Let’s be honest: we all knew Feist’s new album was going to be good.

I mean her voice is enough to let you fall back into your chair and drift off for a blissful 30 minutes regardless of what she’s singing about. But I forgot, or didn’t realize, how adept of a lyricist she is. For example, she opens the album by waxing poetic on the hedonistic title track: “Oh, an echo calls up the line/ an indication of time/ Our togetherness/ that’s how we evolved/ we became our needs”.

From here on in, it’s clear the album, Pleasure, is probably going to live up to its name.

Photo: The Guardian

Out in front of her poetry, her voice does carry the album from start to finish, and on tracks like I Wish I Didn’t Miss You it’s really the only instrument aside from a few guitar strums. There are other artists, obviously, who can do this but not many who can switch from haunting to fun and back again so quickly and effortlessly. And then on Get Not High, Get Not Low, the instruments hesitate to fully engage to let her voice take the central role.


Lost Dreams and The Wind both fall flat for me, as I’m not often a fan of continuous repetition in songs, but sonically they fit on the album. Luckily, she picks things back up with the rousing  Any Party that changes tempo spontaneously from Karen O-like yelps to tender verses on desire. “You know I’d leave any party for you” she says reminding us all of the times we wished we were curled up at home with a loved one rather than chatting up strangers at a social gathering – a feeling that grows stronger with age.

Photo: Sopitas

Her voice is most engaging on A Man is Not his Song. The way it balances out the slow drum beat and soft bass line will hook anyone who enjoys mellifluous vocals and close listening. This is where she stops flirting with the use of her voice-as-instrument and commits to freestyling euphonically layered syllables with nothing behind her.

Century aims for something bigger, with lyrics resembling a Sylvia Plath poem, and Jarvis Cocker describing time like a PBS documentarian after the third chorus. And then everything suddenly stops. It’s eerie, but not a surprise on an album that uses ‘meta’ techniques throughout such as the sound of her own title track playing from a car driving away from a party at the end of Any Party or the heavy metal tune that closes A Man Is Not His Song.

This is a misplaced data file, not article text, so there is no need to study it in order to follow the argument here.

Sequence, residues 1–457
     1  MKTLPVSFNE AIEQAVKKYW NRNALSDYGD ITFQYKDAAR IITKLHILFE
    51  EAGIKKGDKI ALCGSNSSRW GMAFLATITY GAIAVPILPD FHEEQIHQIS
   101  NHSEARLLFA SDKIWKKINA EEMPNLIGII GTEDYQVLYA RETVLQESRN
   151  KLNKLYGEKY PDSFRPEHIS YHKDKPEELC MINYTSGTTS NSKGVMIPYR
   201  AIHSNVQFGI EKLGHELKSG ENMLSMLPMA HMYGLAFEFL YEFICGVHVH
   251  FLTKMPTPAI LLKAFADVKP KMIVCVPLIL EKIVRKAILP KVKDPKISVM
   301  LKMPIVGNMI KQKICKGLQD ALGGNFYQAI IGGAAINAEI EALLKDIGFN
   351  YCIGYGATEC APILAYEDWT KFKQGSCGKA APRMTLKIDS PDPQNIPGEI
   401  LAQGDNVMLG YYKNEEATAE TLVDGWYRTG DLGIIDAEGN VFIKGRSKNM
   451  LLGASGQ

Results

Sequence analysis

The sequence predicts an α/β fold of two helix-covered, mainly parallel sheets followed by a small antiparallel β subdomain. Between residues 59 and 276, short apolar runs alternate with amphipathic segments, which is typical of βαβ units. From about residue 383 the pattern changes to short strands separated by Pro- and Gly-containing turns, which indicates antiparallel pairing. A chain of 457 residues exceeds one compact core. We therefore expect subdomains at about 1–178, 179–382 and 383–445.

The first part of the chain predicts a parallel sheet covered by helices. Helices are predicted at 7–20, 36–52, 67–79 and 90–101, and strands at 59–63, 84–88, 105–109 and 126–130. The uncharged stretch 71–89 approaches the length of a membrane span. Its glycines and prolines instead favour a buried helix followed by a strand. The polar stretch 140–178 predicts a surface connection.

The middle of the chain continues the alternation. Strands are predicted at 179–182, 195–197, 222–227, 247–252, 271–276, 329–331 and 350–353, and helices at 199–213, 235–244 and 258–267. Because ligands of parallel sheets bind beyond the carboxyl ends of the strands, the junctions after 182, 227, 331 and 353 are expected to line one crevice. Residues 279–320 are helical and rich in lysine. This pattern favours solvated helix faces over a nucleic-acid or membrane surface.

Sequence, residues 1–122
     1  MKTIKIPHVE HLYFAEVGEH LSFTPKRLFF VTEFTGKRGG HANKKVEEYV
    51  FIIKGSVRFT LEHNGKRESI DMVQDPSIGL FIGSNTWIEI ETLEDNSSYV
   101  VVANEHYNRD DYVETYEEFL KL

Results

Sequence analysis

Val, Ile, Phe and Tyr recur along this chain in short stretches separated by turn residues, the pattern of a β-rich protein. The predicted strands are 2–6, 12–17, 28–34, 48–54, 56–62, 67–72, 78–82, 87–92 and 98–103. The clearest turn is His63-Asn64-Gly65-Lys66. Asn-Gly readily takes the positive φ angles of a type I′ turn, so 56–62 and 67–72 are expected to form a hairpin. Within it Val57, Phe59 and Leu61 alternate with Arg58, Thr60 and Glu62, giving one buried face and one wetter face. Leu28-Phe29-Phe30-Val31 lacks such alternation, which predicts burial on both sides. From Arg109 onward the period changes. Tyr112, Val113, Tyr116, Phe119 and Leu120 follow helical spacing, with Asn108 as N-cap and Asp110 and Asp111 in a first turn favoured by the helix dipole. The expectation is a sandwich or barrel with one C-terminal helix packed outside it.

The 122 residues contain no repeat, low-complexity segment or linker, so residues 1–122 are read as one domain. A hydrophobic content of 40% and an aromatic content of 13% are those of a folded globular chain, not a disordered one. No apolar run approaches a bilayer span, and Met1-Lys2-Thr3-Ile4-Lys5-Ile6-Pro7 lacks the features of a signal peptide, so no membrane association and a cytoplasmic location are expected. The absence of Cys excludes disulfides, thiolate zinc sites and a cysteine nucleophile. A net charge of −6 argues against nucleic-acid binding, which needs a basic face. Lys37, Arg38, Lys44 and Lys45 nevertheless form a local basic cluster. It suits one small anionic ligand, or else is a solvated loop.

I see Baby Be Simple as an allusion to the album itself; at first listen, Pleasure, seems light and pleasurable to the ears. But behind the gorgeous voice is a wealth of imagery and metaphor: a pleasure for the mind. There is nothing simple about it.

Photo: Stereogum

The album closes with an unmistakable Feist tune, Young Up. It is both beautiful and macabre, like an Emily Dickinson poem, except Dickinson might not use the term ‘ya young punk’, but more so lines like ‘When they cart me away/ will they say/ I died already/ years ago?” She tells us to ‘young-up’ because the end is coming. Is she referring to the end of the album in another ‘meta’ technique? Maybe, but she’s also telling us that life is short and to take whatever fleeting pleasure we can while we can.

In the movie Office Space, a movie you probably didn’t think I was going to bring up here, when Peter is meeting with the Bob’s, he tells them how much of a pleasure it has been to meet with them. They tell him “the pleasure is all ours, believe me”. Well, you know where I’m going with this. On listening to Feist’s newest release, the pleasure is…..all ours.


Written by Jesse Wilkinson